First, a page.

The KDE project has a handy site with over 200 apps created by the community. This software is intended for KDE Plasma, but feel free to use it on any Linux desktop. Some are also available on Windows and macOS.

While KDE Plasma isn't the most widely used Linux desktop, its community is by far the most prolific when it comes to creating apps.

Far from recreating and redesigning the basics, the KDE community also has apps for advanced functionality such as office suites and various media creation tools. There is also KDE Connect for synchronizing your phone and PC and Kirogi, an app for controlling drones.

The KDE page is great for helping plasma purists find the software made specifically for their desktop as these are the apps that integrate best.

Install apps from KDE.org

KDE.org does not offer any apps directly. Each app contains a To install Button that can be integrated into your Linux app store, e.g. B. KDE Discover or GNOME software. If an app is not available in your distribution's repositories, this button will not be able to bring up the app.

Apps that are available in other ways contain buttons for other methods of distribution. At the time of this writing, there are no links to the Snap Store, but buttons to download from Flathub appear frequently. The educational children's app GCompris even contains links to F-Droid, Google Play and the Microsoft Store.

The GNOME Project also provides a list of apps available for the GNOME desktop. Unlike KDE, which provides a comprehensive list of old and new programs, GNOME's list is mostly those that conform to the current desktop design guidelines.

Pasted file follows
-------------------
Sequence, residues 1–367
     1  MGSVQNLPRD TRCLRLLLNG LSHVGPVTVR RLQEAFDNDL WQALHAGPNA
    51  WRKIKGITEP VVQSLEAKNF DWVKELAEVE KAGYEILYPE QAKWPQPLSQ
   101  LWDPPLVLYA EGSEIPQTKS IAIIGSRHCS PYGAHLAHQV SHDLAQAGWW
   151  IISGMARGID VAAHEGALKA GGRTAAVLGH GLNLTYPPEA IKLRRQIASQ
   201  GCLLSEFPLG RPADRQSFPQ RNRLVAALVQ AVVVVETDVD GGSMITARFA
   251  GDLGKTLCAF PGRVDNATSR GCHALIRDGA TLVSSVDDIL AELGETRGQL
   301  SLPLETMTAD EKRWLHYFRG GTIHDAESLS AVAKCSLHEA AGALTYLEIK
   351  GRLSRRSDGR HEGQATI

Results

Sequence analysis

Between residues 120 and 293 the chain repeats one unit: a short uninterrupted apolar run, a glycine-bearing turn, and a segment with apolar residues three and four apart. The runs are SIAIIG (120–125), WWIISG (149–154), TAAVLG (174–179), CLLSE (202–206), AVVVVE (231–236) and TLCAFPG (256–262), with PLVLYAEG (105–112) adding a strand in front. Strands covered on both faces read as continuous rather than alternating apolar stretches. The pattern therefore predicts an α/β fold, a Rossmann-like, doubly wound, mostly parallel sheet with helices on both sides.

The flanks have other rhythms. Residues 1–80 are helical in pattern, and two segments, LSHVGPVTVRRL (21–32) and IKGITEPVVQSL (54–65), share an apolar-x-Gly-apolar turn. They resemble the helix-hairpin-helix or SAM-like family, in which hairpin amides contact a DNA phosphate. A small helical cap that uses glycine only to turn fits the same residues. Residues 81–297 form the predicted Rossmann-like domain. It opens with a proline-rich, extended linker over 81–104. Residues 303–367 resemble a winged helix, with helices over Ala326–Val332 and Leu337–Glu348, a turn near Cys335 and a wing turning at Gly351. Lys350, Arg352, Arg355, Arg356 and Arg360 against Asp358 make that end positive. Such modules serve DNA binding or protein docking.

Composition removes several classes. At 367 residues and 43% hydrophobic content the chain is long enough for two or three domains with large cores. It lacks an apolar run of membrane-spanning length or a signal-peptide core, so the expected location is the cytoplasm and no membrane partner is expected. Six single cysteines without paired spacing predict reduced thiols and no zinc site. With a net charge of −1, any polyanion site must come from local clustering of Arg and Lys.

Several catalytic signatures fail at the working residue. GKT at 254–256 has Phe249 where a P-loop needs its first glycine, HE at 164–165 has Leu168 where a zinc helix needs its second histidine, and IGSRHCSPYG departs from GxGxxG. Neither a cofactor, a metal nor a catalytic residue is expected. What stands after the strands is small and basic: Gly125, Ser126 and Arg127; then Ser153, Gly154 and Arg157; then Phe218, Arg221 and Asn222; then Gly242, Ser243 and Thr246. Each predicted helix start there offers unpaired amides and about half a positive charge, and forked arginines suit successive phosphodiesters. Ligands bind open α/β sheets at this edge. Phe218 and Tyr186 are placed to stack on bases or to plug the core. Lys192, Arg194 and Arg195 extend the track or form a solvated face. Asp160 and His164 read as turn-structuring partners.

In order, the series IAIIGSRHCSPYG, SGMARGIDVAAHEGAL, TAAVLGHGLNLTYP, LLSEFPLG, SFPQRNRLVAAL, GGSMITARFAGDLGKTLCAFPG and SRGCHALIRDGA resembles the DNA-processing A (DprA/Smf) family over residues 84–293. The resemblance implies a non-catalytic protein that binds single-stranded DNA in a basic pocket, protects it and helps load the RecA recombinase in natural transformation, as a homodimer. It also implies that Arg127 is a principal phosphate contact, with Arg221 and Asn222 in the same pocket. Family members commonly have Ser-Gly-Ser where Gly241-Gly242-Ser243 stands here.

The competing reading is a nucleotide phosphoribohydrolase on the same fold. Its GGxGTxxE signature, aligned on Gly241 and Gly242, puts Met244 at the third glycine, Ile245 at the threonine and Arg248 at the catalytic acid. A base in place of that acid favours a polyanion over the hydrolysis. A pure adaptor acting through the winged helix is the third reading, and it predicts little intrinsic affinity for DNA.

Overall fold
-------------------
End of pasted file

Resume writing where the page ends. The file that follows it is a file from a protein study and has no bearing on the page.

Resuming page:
Everything from the app icons to the theme and layout will feel largely consistent in the software here. If you love the look and feel of GNOME, this website is the place for you.

GNOME's catalog is nowhere near as long as KDE's, and you won't find software as complex as digiKam and Kdenlive. However, the GNOME team provides helpful information on each app. In addition to download links and relevant websites, GNOME also introduces you to the maintainer of each app and puts names and faces behind the code.

Install apps from GNOME.org

GNOME is all-in on Flathub, so every app listed has a link to that site. Some of the GNOME Core apps are currently not yet listed because they are not yet available on Flathub. But at the moment the site is still very new and that could change soon.

An AppCenter for everyone?

The above pages list all of the apps that you can install on most versions of Linux. Another site is in the process of making the list. As part of the AppCenter for Everyone campaign, the elementary OS team worked to make AppCenter apps available to other distributions.

Appcenter.elementary.io lists apps that are available for elementary OS. To get access to some of these in other distributions, you can add Elementary's AppCenter Flatpak remote repository to your system.

How to manually add software repositories on Linux

If you want or need to manually add software repositories to your Linux computer, here is a step-by-step guide on how to do it.

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About the author

Bertel King
(319 published articles)

Bertel is a digital minimalist who writes from a laptop with physical privacy switches and an operating system recommended by the Free Software Foundation. He values ​​ethics over functions and helps others take control of their digital lives.